Sleepyside, 1898

"Ethel," Matilda scolded gently, "I believe you've given the peonies quite enough water. It's the bachelor's buttons that look to be in need of attention."

Five-year-old Ethel Rogers smiled to herself and skipped happily from the patch of peonies to the bachelor's buttons. Anticipation, she remembered. That's what bachelor's buttons stood for. She giggled, imagining each flower as an eager young man waiting for his bride. Tipping the watering can over the brilliant blue flowers, she could almost feel the relief of each flower as it drank in the sun-warmed water. There, she thought to herself. That was better. The bachelor's buttons waved in the breeze, thanking her before she left to answer the call of the next flowers.

The stephanotis flowers were next, for good luck. Ethel studied the tiny white blossoms, imagining good fortune radiating from the delicate flowers. She wasn't sure if the stephanotis actually brought good luck or not, but her grandmother assured her that the meanings of flowers held power. And since Ethel's life was filled with good things when she stayed with her grandmother Matilda, she supposed that the flowers really were bringing her good luck. Because while she might have to eat kale and Swiss chard with her supper, but there would undoubtedly be chocolate cake for dessert, and that was the very best kind of good luck.

"Come along, Ethel," Matilda called, drawing her attention from the lavish flower beds. "It's past time for us to start thinking about putting dinner on the table."

Ethel ran back to her grandmother, sticking carefully to the path to avoid trampling the flowers. She clapped her hands with delight when she saw the perfect pink tulip in Matilda's hand.

"For me?" she asked, knowing full well that her grandmother gave her a flower every time she assisted her in the garden.

"For you, child," she said, and her heavily wrinkled face glowed with delight at Ethel's enthusiasm. "And what does the pink tulip mean, child?"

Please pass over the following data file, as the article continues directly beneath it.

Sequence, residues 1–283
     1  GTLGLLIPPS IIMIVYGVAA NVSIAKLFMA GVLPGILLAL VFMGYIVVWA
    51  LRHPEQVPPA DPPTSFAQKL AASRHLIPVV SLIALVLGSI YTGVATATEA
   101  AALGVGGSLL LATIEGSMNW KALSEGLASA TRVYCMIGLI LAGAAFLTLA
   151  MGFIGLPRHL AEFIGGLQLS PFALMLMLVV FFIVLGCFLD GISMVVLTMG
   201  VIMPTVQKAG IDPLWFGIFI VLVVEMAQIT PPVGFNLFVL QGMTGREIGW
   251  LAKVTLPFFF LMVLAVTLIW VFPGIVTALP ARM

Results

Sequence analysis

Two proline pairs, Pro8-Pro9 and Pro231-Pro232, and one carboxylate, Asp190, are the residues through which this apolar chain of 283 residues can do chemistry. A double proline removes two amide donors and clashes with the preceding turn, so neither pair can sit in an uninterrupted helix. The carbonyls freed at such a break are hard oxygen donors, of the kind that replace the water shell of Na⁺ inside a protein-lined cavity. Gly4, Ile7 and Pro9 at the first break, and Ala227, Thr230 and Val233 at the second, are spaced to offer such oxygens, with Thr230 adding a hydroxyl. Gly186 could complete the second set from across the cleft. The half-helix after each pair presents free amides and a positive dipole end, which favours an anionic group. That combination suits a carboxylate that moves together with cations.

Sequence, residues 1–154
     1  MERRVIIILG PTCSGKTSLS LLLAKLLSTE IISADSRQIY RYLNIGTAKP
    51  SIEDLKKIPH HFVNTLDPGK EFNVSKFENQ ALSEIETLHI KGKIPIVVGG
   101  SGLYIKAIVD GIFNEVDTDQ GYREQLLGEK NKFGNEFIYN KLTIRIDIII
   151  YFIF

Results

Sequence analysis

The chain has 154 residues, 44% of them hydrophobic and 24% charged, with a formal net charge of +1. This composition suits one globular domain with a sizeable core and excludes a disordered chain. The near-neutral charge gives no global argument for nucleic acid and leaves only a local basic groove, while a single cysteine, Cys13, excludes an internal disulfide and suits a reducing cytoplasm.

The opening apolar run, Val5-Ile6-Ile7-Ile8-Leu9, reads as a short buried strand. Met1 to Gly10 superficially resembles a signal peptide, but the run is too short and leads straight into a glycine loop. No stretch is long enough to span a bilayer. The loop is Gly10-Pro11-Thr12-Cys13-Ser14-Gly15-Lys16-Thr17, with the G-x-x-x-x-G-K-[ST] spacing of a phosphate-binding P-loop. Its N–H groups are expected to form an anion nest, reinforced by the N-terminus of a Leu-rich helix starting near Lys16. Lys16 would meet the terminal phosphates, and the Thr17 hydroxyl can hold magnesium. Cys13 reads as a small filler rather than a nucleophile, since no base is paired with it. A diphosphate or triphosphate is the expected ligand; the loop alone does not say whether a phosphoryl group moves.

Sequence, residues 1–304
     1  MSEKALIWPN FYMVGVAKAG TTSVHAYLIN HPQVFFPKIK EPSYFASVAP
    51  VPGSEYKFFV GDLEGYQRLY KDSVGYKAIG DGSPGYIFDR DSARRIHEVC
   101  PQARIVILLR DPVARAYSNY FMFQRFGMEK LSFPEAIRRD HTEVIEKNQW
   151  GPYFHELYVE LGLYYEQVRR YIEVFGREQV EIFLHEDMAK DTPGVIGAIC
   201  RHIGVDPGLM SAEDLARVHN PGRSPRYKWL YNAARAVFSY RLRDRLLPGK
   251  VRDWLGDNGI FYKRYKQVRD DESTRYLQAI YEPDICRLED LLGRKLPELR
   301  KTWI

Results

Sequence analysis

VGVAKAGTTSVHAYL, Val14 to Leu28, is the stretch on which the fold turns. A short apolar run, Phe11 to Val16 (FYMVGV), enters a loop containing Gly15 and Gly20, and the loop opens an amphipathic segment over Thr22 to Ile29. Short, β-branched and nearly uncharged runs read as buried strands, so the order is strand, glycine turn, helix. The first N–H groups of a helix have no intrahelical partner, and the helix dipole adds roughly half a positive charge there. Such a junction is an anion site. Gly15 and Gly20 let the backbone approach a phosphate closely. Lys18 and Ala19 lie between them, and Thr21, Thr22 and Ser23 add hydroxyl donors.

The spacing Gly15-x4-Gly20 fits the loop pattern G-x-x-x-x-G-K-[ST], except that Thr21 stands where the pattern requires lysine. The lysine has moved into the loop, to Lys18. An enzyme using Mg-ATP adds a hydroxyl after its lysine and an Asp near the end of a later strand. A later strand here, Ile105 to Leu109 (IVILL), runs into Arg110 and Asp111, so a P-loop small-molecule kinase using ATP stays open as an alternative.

"Caring," she whispered, her nose buried in the perfect specimen. Still clutching the flower, she threw her arms around Matilda and pressed herself to her chest, immersing herself in the smells of sunshine, flowers, and love.

"Now, then, you run along ahead and I'll be in shortly," Matilda said, and Ethel frowned at the suddenly strained quality of her voice.

"Grandmother?" she questioned, but Matilda waved her hand dismissively.

"Go on, child."

Ethel turned to obey but stopped short at a patch of flowers just to the side of the path. Frowning, she leaned down to examine them but stopped herself from tracing her finger on a blood red petal.

"What are these, Grandmother?" she asked, her eyes still fixed firmly on the unfamiliar blossoms. She thought she knew every flower that she and her grandmother had planted, but she'd never seen these before. They were beautiful, she supposed, but there was something about them that made her chest ache. The dark centres, especially, drew her eye, and she couldn't look away.

Matilda shuffled closer, her gait slow, and joined her in studying the blossoms. "What do you see?" she asked softly.

Ethel frowned. Couldn't her grandmother see the flowers herself? But the garden was Matilda's school, and Ethel knew better than to question her. Not if she wanted that chocolate cake with her supper.

"They're red," she said. "Small red flowers with black centres." When Matilda remained silent, she added, "broad red petals."

"Poppies," Matilda whispered, and though the word was innocent enough, Ethel could sense an underlying tension. "You see poppies."

"Don't you see them?" Ethel asked, pressing her hand to Matilda's skirt. "They're right there."

But Matilda was gazing toward the house. "Run ahead, child," she instructed, though she prevented her from obeying immediately by folding her in an embrace. "And send your grandfather."

"Grandmother?" she questioned, her eyes wide with confusion and growing trepidation. "Grandmother!"

But Matilda thrust Ethel to the side as she pressed her hand to her chest and lowered herself to the ground. "Quickly, now," she urged, her breath coming in ragged gasps, and Ethel obeyed, turning and running as fast as her legs could carry her.

Days later when she returned to the garden, after Matilda had been laid to rest in the church cemetery, Ethel looked for the bed of poppies, but found only the wisteria vine that she now recalled had occupied that spot ever since she could remember. It was no wonder her grandmother had been confused by her question, she realized. And how odd that she'd seen such a different plant that couldn't possibly have been there! Wiping her tears, she trailed her hand over the robust wisteria and decided that if her grandmother had had to die, it was good that it had happened in the place she'd loved most, and next to the steadfast wisteria.

Sleepyside Train Station, 1914

Ethel's hands trembled as she clutched the nasturtium. The train station was crowded with soldiers and their family members, well-wishers come to see the troops off in style. She thought she'd arrived in plenty of time, but there were so many people. Her heart clenched, just as it had every time she'd thought of her beau, Stuart, leaving for the war. She had to fight to remain calm and clear-headed. He had to go. She knew that. And he would come home to her. She had to believe that.